However, what happens if your buddy faces an accident or illness before you’ve put a significant amount in savings? Even allergy treatment can set you back $800 or more, and a chronic condition such as joint problems could cost $3,500. Because savings can drain quickly, you might use this option only if your pet doesn’t qualify for insurance or you can’t get your preferred coverage.

    If you go this route, consider starting your savings account before you get your pet. That way you can start building up an emergency medical fund before you ever need it.

    Which breeds need pet insurance the most?

    Specific breeds of dogs and cats hold a higher risk for health conditions. However, pet insurance companies may charge higher premiums to insure these breeds. Examples of breeds and their common health problems:

    • Short-nosed or brachycephalic dogs like Bulldogs and Pugs may have respiratory problems
    • Basset hounds can develop glaucoma or ear infections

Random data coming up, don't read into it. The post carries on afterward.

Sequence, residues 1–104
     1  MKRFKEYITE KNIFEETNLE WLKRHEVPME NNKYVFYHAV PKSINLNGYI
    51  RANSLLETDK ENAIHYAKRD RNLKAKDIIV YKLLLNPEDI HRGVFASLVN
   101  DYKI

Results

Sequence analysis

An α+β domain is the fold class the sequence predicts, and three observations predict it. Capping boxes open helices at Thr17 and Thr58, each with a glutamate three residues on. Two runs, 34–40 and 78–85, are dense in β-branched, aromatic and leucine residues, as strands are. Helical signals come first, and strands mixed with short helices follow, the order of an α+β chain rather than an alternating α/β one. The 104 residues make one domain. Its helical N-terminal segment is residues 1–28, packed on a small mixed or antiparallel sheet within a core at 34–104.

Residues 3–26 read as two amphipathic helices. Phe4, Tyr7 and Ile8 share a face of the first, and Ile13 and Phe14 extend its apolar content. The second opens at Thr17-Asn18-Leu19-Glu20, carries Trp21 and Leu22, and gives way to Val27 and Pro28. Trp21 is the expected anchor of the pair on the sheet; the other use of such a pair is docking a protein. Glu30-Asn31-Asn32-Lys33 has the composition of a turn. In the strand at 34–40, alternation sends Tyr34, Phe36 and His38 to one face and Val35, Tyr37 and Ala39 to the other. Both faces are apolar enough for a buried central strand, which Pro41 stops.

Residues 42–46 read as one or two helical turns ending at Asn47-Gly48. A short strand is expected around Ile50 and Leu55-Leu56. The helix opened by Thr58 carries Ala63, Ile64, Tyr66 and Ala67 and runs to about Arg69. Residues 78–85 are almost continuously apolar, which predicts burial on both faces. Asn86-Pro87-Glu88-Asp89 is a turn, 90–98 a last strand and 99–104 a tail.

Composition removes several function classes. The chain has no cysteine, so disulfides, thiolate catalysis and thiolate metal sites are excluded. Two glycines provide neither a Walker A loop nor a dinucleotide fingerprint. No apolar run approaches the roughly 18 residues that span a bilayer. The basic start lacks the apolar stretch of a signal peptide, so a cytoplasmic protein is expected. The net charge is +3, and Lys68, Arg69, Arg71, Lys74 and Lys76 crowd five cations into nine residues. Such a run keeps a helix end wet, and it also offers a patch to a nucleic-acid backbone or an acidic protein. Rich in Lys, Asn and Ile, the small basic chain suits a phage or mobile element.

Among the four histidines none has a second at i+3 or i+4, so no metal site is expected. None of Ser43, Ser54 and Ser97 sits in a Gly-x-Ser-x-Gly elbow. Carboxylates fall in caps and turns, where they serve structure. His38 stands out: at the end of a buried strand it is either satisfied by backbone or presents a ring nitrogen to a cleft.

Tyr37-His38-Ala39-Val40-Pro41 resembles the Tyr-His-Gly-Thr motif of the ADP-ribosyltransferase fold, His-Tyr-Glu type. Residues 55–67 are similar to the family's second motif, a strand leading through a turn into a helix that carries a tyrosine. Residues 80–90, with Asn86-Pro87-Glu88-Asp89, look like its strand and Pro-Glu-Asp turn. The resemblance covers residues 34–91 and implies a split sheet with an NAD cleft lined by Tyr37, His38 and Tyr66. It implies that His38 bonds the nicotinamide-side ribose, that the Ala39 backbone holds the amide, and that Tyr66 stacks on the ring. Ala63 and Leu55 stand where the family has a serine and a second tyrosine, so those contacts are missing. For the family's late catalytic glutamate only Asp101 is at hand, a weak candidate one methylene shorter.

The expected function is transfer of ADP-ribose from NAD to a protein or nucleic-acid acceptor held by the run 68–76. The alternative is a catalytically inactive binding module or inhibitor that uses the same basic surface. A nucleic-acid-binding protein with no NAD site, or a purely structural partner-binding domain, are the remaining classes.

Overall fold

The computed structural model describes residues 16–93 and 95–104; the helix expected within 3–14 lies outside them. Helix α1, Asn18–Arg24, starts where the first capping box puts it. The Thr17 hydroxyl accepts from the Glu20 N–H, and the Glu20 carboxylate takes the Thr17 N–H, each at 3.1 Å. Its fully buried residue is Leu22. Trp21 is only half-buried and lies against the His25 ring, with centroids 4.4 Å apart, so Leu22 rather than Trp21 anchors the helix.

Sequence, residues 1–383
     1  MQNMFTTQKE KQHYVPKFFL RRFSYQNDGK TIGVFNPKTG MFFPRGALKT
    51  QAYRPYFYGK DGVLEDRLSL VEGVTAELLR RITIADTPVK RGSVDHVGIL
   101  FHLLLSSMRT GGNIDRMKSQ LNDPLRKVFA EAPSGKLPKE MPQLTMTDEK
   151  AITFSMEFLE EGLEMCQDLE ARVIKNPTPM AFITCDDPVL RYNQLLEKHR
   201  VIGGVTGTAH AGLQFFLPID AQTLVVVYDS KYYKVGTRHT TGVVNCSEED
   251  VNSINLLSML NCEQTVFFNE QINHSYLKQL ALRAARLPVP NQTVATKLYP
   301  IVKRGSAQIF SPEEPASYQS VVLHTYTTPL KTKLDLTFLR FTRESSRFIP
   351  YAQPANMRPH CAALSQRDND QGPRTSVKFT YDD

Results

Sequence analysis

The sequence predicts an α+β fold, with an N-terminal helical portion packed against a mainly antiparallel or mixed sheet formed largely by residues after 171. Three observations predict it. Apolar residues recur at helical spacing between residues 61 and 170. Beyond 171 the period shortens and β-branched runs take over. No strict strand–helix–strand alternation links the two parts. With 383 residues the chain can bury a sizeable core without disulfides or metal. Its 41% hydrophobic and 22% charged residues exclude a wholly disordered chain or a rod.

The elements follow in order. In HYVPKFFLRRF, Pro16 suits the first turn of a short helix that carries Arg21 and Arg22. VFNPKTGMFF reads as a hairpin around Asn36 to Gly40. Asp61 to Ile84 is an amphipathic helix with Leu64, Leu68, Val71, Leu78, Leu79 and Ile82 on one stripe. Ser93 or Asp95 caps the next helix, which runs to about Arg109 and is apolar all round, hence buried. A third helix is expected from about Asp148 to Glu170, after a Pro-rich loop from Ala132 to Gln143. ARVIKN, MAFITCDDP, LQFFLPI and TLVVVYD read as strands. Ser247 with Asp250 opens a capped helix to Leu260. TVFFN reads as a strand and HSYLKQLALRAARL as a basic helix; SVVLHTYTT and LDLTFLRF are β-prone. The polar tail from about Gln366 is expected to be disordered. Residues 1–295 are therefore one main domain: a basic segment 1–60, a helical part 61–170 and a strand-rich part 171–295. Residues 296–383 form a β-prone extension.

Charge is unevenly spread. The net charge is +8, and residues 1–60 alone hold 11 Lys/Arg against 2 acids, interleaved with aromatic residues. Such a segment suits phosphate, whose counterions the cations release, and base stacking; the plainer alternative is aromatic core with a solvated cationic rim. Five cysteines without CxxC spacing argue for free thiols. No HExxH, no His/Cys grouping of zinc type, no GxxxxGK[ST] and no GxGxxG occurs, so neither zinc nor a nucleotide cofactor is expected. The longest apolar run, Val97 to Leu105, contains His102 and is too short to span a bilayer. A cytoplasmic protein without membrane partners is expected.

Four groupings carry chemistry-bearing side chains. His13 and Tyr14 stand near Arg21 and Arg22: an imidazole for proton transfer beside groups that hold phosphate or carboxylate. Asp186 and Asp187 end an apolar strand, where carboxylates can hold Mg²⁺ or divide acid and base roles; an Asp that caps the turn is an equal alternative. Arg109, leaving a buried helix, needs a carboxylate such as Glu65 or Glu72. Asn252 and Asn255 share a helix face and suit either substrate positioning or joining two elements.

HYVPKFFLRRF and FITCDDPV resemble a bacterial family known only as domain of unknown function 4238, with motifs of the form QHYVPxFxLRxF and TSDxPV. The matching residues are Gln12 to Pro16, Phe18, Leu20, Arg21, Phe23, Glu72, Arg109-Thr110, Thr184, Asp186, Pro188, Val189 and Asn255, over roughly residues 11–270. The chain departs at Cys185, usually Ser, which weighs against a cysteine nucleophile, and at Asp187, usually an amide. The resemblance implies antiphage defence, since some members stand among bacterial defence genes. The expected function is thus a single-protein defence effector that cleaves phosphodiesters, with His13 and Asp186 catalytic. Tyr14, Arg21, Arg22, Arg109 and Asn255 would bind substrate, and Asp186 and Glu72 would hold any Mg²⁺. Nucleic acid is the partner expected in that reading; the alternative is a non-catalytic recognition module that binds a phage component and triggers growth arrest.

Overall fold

• Poodles may have joint conditions
    • Labradors and other large breeds can develop hip dysplasia or cancer
    • Abyssinian cats may have dental conditions
    • Bengal cats can develop heart, eye or joint diseases
    • Persian and Exotic Shorthair cats can contract kidney, liver, heart, respiratory or digestive problems
    • Maine Coons may get heart disease or spinal muscular atrophy

        Get pet insurance quotes

        Name Product Pets covered Seniors accepted Hereditary conditions Chronic illness
        Petplan
        Dogs, Cats
        Cover unexpected vet bills from emergency exams, injuries, surgery and more.
        Embrace
        Dogs, Cats
        Enjoy extra benefits with coverage for exam fees, curable conditions and wellness visit reimbursement.
        Pet Assure
        Dogs, Cats, Horses
        Save up to 25% on all vet bills including wellness and dental visits for as little as $10/month.
        PetFirst
        Dogs, Cats
        Get coverage starting at $9 per month for cats and $15 for dogs. Talk to an agent at 888-738-0683.
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        Compare up to 4 providers

        Bottom line

        Pet insurance can provide the means to cover necessary vet treatments, giving peace of mind about your cherished pet’s medical care. While insurance doesn’t work for every owner, consider pet insurance options to find whether it fits your needs.